A judge in Kyrgyzstan is expected to announce a verdict next week in the politically-charged bribery trial of Kyrgyz opposition leader Omurbek Tekebaev.
The verdict and sentence had been expected on August 11 in the trial, which Tekebaev’s Ata-Meken (Fatherland) party says is a politically motivated effort to keep him out of a presidential vote this autumn.
But after a heated hearing dragged on into the evening, the judge first said it would continue until 11 p.m., if needed, and then said it would resume on August 14 instead.
Tekebaev and his co-defendant, former Emergencies Minister Duishonkul Chotonov, are charged with receiving a $1 million bribe from a Russian businessman in 2010, when Tekebaev was deputy prime minister.
Both deny any wrongdoing, saying the case against them is politically motivated.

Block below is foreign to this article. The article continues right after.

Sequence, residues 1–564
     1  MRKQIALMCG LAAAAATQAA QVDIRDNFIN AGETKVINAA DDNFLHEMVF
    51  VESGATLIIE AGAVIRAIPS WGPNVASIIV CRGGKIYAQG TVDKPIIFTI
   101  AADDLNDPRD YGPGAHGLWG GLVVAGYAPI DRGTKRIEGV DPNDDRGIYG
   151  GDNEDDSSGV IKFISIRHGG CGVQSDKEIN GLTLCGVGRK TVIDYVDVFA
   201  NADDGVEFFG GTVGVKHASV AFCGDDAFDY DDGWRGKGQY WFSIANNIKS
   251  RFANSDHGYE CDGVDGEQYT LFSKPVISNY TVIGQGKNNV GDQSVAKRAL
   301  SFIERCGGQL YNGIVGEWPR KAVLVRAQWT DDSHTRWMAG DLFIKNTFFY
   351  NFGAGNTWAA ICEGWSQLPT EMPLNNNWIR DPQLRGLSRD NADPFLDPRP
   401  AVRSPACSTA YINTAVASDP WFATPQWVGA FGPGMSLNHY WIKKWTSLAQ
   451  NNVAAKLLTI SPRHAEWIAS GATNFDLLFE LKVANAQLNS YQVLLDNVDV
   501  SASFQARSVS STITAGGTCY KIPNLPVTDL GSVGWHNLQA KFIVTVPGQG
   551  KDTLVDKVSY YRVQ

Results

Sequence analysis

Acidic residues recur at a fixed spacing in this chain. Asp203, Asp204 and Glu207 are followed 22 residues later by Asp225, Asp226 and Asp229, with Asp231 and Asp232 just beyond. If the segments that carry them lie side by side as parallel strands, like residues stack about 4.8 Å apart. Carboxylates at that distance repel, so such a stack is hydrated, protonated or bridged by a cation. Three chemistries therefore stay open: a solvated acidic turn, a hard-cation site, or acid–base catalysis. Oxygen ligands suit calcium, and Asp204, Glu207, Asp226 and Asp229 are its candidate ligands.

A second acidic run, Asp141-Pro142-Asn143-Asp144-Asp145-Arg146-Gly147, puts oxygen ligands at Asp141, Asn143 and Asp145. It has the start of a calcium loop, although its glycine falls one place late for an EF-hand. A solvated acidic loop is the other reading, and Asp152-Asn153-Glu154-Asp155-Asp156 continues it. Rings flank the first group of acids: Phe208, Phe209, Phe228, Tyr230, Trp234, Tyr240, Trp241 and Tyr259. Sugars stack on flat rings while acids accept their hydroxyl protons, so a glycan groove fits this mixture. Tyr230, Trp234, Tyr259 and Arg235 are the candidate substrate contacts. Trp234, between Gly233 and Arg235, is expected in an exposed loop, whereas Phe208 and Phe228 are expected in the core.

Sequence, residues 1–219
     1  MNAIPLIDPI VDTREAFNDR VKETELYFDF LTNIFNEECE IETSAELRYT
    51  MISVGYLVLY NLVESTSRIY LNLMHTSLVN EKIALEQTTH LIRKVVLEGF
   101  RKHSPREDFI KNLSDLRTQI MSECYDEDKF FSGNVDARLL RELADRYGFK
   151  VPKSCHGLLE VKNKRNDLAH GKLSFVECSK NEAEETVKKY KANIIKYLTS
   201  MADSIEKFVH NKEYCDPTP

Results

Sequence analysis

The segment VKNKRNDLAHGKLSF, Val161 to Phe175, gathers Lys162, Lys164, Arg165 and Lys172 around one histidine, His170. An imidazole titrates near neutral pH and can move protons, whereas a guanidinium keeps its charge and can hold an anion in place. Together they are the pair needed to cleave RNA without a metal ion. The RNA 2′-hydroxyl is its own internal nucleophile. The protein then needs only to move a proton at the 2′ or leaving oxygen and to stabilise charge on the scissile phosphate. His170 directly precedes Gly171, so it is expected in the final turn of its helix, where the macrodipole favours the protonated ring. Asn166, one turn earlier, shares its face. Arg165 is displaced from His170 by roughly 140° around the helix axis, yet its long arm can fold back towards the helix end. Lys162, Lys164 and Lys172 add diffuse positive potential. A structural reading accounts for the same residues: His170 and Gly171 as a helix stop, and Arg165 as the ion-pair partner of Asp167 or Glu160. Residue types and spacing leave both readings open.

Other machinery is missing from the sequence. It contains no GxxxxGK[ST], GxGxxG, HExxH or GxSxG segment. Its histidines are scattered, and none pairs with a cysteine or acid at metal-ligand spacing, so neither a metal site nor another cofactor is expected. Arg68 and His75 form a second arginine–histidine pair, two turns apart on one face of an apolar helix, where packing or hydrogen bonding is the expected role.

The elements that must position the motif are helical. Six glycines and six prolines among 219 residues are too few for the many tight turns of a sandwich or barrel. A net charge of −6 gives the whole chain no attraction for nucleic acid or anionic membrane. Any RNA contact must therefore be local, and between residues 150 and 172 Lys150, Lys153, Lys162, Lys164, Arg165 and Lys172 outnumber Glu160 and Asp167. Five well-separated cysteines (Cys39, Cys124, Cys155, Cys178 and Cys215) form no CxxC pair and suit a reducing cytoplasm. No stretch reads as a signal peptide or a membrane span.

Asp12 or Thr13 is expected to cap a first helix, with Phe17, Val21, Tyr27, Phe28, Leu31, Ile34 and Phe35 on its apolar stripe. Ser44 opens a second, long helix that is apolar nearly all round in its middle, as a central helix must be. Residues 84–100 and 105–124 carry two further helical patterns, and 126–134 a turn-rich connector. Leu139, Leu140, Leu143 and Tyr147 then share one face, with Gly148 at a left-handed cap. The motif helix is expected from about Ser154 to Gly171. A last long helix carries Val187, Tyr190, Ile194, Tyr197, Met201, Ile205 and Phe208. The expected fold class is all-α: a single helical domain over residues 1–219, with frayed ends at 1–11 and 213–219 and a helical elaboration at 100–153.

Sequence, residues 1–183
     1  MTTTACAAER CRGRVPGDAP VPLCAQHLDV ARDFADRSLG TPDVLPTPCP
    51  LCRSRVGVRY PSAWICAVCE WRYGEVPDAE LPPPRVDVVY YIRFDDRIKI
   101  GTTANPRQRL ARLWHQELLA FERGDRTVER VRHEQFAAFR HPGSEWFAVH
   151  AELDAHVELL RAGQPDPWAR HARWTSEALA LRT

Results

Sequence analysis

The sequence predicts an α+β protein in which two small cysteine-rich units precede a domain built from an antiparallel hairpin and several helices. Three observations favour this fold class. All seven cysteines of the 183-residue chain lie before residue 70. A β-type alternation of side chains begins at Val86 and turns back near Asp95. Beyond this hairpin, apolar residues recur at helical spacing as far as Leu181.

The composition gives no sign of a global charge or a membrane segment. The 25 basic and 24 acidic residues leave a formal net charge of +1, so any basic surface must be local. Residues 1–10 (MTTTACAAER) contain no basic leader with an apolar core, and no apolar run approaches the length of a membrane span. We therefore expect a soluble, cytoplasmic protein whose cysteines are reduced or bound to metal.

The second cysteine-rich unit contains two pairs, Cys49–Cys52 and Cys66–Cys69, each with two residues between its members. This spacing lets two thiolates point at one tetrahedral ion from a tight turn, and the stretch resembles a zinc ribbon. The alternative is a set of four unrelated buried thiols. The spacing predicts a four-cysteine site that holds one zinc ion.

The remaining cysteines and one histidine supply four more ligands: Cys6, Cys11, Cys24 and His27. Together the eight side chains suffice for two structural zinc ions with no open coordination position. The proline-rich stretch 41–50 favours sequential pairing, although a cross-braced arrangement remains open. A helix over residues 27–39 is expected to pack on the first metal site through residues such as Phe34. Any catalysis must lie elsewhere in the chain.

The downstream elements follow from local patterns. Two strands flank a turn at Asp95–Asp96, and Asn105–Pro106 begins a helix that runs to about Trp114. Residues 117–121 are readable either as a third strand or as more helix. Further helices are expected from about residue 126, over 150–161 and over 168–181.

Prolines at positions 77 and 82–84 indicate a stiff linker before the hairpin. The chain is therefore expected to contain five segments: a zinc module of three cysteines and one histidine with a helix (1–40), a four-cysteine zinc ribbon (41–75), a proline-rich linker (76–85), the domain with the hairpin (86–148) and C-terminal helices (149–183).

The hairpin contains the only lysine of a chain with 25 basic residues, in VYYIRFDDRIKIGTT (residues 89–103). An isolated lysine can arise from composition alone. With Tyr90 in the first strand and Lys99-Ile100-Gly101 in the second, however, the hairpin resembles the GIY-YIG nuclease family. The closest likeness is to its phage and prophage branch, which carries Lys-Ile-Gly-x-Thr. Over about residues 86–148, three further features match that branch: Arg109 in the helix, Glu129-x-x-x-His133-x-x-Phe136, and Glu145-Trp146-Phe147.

On August 10, the prosecutor at the trial asked the judge to sentence Tekebaev to 10 years and Chotonov to 8 years in prison if they are convicted.
The prosecutor also requested that both politicians’ property be confiscated and that the defendants be barred from government posts for three years after their release.
Tekebaev is leader of the opposition Ata-Meken party, which has alleged that the government launched the case in an effort to stifle dissent ahead of the October 15 presidential election in the Central Asian country and keep Tekebaev off the ballot.
Tekebaev was arrested in late February. On March 5, Ata-Meken named him as its candidate for the presidential election.